Hundreds of CT Veterans Receive Services Through Annual Stand Down Event

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They know sacrifice and the burden of battle more than most.

“Every little bit helps nowadays,” veteran Daniel Hatcher said.

“It has impacted mental health which impacted their jobs or money and then that starts a cascading effect,” Thomas Saadi, commissioner of the Connecticut Department of Veterans Affairs said.

On Friday, the National Coalition for Homeless Veterans honored Connecticut’s veterans’ commitment even amidst the COVID-19 pandemic as part of its nearly three-decade-long Stand Down Event.

“I don’t have a state driver’s license so this waiver fee is going to help me out a lot,” Hatcher said.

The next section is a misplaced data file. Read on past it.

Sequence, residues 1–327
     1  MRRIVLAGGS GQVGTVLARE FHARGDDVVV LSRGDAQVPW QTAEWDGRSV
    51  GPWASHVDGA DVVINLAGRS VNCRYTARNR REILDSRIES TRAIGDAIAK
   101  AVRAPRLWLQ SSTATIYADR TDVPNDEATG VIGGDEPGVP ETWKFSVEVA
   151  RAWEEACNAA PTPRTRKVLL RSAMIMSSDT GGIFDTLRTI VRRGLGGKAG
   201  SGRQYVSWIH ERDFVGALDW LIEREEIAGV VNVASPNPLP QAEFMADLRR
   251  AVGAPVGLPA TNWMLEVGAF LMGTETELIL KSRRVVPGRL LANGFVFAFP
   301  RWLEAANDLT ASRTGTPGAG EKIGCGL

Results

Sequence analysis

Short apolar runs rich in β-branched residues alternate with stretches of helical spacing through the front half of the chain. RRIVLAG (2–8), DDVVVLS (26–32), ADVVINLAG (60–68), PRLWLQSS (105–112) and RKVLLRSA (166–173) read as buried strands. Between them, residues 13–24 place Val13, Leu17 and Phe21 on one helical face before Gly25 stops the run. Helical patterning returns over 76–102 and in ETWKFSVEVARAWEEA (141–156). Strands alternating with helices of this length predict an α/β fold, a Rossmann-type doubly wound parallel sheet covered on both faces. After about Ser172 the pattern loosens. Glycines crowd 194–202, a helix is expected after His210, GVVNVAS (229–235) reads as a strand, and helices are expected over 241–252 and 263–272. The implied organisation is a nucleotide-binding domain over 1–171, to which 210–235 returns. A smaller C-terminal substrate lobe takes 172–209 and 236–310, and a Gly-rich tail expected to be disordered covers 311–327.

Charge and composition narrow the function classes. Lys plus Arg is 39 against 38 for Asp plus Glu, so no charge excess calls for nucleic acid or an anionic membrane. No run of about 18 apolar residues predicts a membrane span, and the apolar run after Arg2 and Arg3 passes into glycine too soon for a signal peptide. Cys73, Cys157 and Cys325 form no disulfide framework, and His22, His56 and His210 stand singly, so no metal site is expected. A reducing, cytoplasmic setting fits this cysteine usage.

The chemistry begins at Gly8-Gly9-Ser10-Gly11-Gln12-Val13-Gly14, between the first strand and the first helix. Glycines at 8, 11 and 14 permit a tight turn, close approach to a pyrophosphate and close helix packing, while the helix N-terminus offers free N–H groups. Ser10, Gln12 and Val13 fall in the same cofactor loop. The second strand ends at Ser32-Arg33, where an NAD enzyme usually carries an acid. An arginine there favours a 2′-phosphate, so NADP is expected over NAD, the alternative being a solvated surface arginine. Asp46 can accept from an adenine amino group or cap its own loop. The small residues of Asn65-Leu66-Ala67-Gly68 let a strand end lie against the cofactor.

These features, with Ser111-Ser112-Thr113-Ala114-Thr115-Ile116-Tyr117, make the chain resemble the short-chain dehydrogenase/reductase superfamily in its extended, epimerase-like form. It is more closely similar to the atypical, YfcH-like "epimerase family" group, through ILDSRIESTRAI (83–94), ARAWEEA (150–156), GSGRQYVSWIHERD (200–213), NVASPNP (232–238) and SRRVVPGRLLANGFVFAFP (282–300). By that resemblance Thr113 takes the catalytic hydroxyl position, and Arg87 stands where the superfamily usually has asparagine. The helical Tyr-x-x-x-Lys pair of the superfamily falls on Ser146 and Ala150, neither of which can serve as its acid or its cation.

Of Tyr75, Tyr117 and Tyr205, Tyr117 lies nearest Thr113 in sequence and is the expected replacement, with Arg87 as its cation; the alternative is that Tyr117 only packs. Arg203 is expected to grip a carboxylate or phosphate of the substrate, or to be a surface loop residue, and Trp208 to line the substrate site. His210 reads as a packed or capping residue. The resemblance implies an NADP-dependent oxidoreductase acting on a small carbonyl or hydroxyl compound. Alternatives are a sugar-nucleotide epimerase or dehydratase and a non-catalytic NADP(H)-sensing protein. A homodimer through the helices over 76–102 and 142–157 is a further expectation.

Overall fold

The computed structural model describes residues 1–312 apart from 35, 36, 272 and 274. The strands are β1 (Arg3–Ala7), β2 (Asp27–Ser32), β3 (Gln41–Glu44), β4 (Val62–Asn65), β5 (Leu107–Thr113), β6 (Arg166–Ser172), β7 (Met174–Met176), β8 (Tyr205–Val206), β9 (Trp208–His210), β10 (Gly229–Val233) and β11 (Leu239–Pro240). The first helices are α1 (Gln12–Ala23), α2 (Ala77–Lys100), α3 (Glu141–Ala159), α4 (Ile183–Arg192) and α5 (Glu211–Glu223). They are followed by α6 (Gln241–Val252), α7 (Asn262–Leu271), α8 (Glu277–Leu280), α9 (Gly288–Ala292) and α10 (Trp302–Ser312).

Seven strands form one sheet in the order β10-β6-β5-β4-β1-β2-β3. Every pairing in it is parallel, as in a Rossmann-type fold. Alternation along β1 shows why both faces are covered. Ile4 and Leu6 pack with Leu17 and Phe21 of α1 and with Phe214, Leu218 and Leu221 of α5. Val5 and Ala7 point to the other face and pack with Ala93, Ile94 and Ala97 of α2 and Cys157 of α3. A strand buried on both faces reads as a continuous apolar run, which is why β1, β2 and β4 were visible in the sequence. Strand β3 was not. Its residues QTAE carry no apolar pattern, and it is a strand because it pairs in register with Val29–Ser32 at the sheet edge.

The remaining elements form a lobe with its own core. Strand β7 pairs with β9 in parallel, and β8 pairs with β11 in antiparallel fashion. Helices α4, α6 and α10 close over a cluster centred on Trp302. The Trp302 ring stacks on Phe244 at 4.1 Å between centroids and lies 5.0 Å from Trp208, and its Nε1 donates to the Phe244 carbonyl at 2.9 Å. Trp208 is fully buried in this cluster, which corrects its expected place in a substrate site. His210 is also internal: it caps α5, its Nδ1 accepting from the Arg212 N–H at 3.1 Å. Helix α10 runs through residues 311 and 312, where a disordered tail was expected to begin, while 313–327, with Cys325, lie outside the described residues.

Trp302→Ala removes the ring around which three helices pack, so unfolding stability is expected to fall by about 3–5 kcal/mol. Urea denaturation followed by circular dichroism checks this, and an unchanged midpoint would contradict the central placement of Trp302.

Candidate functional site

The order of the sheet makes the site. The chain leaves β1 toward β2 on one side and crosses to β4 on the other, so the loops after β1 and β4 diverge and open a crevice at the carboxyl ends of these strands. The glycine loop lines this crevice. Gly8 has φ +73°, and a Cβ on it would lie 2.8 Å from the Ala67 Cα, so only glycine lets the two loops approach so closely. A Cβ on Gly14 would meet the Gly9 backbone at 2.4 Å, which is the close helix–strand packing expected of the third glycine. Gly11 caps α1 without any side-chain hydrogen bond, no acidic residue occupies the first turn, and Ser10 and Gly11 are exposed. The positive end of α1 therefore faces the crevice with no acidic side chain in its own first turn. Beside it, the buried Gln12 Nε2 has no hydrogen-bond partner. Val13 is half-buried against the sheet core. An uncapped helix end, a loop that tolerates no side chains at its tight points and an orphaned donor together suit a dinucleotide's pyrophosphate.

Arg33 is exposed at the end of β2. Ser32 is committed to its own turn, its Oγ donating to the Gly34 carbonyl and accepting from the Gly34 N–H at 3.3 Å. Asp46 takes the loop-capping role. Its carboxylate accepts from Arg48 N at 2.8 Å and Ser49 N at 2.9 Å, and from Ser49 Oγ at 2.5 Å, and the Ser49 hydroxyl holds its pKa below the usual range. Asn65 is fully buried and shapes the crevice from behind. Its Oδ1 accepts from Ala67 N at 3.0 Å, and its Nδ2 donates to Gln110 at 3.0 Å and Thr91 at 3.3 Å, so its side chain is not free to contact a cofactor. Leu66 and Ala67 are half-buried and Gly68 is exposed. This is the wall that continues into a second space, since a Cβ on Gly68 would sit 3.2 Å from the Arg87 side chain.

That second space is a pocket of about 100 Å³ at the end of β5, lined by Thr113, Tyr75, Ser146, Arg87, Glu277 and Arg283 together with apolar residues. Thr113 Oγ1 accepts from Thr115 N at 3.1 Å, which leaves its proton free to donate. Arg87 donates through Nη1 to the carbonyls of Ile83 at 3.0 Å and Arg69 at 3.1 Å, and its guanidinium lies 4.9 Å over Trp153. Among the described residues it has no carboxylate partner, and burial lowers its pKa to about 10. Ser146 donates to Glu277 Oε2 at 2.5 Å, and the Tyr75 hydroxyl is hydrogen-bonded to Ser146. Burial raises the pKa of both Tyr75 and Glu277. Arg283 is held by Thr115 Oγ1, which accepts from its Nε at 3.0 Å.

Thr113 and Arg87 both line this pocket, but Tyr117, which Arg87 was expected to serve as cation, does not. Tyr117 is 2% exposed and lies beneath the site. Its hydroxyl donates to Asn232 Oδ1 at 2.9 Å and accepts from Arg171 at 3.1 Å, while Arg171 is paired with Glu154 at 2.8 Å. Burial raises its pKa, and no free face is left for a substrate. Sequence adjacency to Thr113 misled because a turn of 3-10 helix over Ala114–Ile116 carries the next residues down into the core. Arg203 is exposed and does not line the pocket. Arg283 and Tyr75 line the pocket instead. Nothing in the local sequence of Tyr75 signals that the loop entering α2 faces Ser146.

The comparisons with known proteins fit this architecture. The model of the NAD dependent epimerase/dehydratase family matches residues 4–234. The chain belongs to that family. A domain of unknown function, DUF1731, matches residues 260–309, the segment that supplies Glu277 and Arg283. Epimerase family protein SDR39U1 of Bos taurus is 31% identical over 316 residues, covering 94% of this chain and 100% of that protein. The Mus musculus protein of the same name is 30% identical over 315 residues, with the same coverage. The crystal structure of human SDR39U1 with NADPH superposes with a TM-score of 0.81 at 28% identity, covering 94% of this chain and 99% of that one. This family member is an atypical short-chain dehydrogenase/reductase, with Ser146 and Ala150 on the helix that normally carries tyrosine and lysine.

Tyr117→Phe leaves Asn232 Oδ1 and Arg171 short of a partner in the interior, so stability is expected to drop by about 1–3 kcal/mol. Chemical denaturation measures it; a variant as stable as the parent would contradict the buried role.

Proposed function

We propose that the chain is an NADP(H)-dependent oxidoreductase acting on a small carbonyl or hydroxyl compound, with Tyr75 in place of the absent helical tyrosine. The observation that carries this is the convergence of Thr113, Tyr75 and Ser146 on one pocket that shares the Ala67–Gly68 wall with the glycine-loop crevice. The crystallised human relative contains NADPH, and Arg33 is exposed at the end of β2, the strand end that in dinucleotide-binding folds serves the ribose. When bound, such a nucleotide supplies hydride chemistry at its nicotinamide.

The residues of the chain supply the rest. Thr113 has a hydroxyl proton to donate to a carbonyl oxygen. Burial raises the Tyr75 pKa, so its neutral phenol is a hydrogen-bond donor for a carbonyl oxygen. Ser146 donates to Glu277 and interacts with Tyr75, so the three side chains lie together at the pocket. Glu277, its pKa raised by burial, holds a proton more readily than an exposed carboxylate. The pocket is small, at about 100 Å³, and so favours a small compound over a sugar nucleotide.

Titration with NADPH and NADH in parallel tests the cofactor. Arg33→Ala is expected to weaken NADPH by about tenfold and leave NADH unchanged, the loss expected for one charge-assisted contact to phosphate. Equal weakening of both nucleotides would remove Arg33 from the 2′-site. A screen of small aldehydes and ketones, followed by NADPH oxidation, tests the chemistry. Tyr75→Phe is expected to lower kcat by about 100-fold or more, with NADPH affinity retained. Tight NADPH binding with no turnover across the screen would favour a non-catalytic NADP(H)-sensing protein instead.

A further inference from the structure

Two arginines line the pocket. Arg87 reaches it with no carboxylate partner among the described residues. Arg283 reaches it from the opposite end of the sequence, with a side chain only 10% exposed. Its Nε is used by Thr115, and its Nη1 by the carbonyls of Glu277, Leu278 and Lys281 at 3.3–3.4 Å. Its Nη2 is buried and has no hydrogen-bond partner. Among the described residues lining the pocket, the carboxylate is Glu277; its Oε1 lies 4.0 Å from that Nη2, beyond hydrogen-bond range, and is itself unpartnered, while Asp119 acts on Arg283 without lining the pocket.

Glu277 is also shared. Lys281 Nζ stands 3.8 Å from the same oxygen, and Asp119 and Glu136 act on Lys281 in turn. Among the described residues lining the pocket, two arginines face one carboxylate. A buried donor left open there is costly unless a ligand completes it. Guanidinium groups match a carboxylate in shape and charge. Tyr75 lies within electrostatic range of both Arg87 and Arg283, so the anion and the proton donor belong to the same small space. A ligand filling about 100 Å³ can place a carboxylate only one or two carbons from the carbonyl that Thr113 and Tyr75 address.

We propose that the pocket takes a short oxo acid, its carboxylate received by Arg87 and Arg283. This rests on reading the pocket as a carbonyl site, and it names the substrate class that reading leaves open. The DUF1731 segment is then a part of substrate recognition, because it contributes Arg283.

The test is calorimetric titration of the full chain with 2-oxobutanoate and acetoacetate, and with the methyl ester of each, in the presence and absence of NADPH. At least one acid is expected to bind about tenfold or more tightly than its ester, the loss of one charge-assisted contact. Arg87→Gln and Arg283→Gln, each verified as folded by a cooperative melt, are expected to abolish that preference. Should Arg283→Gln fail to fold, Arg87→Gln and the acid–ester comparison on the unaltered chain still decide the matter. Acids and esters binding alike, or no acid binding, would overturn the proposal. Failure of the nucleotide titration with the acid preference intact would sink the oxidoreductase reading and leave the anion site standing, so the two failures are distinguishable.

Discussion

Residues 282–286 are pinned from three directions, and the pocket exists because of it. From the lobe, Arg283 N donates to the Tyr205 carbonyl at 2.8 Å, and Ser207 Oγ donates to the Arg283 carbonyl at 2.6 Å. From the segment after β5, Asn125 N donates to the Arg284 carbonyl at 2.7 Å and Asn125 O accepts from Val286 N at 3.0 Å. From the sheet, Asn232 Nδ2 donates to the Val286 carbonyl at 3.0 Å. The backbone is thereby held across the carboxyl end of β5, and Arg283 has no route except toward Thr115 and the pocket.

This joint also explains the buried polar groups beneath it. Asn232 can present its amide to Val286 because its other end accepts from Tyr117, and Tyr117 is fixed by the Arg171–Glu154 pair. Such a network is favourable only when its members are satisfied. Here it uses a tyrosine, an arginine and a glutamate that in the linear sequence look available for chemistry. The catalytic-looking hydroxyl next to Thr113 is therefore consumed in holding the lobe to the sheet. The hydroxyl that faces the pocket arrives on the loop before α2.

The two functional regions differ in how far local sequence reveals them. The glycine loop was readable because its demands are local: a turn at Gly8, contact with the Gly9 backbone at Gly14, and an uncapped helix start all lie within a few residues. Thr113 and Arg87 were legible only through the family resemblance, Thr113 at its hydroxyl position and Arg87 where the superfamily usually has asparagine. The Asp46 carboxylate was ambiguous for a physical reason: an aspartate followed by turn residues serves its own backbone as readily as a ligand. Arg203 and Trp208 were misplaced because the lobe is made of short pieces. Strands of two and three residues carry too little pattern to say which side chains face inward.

Hatcher was also able to get an $89 voucher to put toward his initial testing at the Department of Motor Vehicles. He’s now one step closer to getting behind the wheel.

“This is just one part that we can do for them and we owe it to our veterans. A license to all of us is probably one of the most important pieces of information that you carry on you,” DMV Deputy Commissioner Tony Guerra said.

The DMV was one of several community groups providing support for hundreds of veterans at locations in Rocky Hill, Danbury, Bridgeport and Norwich.

Veterans were also able to get a free COVID-19 test and flu shot through the Community Health Center.

For veterans like Hatcher, it’s a reminder his service isn’t forgotten even amidst the COVID-19 battle.

“Benefits are going down, the cost of living is going up, it’s just life. Thank God there are places like this to get some veterans a helping hand,” Hatcher said.

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